Though there is some dispute that was sorted out in Mike Love’s favor, Love wrote 35 popular Beach Boys songs, including I Get Around. Regarding their legacy, the Beach Boys have continually been cited as one of the most influential bands of all time, but most significantly, they are cited for giving rise to the pop genre.
Though they may not be rock and roll in the traditional sense, pop and rock and roll have always been pretty synonymous with each other, with the former being more commercially accepted on regular radio. As it stands, nothing has been – or ever will be – as commercial or popular as the Beach Boys.
While the Beach Boys’ success can be wildly attributed to all of its founding members and not just Mike Love, his songwriting of many iconic songs cemented them in pop culture forever.
Though he’s had red hair throughout his career, this sometimes blond artist has been – and probably will continue to be – one of the most famous names in music history thanks to hits like Space Oddity and Changes.
Not only does David Bowie have a truly unique vocal range, but he dabbled in a lot of different bands before becoming the solo artist we all know and love today. After graduating high school, he formed the band Davy Jones and the Lower Third, then later formed a mime troupe called Feathers, and eventually settled on becoming Ziggy Stardust.
Bowie was influenced by Syd Barrett, Anthony Newley, John Coltrane, The Beatles, and countless others, highlighting his diverse interests.
Bouncing back between acting and singing, Davie Bowie has always been the pinnacle for reinvention, having inspired everyone from the Sex Pistols (which will be later evident in Johnny Rotten’s on-stage presence), to Lady Gaga.
One of Bowie’s lasting legacies continues to see singers get involved in acting. From Mandy Moore to Lady Gaga and Selena Gomez, the ability to “do it all” and constantly push the boundaries of what a singer can do can all be traced back to the critical success Bowie had, showing that rock and roll can be a catapult for many other ventures.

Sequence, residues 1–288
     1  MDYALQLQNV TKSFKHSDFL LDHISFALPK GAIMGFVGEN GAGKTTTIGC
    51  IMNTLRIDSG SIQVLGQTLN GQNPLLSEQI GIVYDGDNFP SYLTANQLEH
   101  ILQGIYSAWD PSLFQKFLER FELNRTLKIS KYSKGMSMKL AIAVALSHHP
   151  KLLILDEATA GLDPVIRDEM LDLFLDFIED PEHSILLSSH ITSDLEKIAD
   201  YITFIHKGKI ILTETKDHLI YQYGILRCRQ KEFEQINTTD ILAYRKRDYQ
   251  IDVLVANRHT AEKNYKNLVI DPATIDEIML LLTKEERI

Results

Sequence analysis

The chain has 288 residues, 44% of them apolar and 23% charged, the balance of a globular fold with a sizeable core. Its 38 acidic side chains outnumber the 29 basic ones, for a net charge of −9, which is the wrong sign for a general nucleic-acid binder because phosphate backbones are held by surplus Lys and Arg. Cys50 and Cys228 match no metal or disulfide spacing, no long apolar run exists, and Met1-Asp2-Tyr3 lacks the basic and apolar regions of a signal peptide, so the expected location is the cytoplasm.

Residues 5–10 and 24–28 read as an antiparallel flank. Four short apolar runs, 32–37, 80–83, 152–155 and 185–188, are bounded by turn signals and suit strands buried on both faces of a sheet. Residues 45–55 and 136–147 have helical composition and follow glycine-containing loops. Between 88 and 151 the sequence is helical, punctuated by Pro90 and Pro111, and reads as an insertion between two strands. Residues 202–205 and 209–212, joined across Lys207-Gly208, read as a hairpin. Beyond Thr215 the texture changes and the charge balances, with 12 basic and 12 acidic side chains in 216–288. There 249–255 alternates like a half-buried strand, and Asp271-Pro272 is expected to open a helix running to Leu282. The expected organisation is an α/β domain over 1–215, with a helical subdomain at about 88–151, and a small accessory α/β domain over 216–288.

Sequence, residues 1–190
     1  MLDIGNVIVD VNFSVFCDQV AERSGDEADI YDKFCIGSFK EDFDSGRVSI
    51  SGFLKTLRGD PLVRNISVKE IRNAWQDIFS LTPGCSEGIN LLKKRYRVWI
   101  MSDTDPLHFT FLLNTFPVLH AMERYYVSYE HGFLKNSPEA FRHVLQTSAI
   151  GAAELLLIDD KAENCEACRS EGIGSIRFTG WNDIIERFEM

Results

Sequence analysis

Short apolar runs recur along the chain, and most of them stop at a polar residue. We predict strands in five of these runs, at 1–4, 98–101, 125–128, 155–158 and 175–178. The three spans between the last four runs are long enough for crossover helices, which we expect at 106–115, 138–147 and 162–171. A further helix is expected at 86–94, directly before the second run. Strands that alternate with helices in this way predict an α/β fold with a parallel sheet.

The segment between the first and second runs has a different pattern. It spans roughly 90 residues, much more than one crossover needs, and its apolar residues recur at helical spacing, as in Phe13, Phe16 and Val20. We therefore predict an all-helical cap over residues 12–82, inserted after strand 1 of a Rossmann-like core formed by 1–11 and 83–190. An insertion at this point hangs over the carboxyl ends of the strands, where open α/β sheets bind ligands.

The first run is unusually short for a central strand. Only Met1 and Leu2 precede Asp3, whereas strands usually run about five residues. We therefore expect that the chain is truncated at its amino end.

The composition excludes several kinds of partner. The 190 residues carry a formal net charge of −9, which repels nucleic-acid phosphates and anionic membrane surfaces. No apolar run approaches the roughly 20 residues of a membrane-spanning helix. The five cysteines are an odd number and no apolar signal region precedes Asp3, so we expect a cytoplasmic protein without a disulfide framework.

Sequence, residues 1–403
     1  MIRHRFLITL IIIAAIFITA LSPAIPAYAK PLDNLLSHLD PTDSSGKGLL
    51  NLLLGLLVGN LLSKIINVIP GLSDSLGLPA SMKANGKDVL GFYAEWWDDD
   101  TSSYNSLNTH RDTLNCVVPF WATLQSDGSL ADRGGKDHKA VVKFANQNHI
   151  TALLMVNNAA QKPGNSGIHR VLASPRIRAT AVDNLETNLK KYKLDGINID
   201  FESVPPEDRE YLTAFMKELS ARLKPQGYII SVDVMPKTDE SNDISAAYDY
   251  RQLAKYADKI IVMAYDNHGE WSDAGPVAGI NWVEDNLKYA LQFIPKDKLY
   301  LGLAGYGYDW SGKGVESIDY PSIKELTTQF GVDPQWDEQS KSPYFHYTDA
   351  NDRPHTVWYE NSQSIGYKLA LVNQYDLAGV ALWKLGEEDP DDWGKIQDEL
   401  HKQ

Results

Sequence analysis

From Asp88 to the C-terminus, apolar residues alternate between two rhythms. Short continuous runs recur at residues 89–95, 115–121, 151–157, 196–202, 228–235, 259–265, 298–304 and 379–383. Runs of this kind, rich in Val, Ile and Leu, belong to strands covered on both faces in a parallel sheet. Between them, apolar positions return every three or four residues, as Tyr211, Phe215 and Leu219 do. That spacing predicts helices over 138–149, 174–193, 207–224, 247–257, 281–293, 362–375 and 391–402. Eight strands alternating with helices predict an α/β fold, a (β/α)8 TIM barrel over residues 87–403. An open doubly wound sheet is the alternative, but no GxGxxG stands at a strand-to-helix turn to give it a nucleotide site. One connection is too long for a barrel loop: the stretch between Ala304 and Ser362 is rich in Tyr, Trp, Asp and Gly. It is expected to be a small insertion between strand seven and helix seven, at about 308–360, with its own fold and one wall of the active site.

Okay, I know what you’re thinking: Ozzy Osbourne wasn’t always blonde. Though he’s back to his darker roots now, there was a short while in the 1980s when he was rockin’ that blond hair color. So, that’s good enough for me.
Ozzy Osbourne fronted Black Sabbath in the 1970s and created heavy metal hits like Iron Man and Paranoid. Not only did they create heavy metal hits…they actually created heavy metal. Furthermore, they redefined what artists could do with a distorted guitar. After being fired from Black Sabbath, he went on to start his own highly successful solo career with other popular hits such as Mama I’m Coming Home and Crazy Train.
Both Ozzy and Black Sabbath as a whole influenced metal but rock and roll music, as a whole.
Johnny Rotten of the Sex Pistols
The Sex Pistols were the first British punk band to make it to 31 on the UK charts with rowdy, expressive hits like Anarchy in the U.K and God Save the Queen. Even though they only ever released one album, they influenced several other punk bands, especially those that would form in the late 90s/early 2000s such as Green Day and Nirvana. Even actor Heath Ledger cited Johnny Rotten as an influence for his iconic Joker character in The Dark Knight.
What’s their lasting influence? Anything that is still influenced by punk today, whether it be music, fashion, or lifestyle. All of it can be traced back to the Sex Pistols. They forever changed the music industry, making punk a popular sub-genre of rock and roll.
Roger Daltrey of The Who
The Who was part of the iconic British Invasion in the 1960s along with the Rolling Stones and the Beatles – and Roger Daltrey led the way.
What made The Who different from other bands of its time was the fact that they popularized playing as loudly as possible. In fact, they are often credited as being one of the loudest bands at the time. They also would regularly smash their instruments on stage during their performances.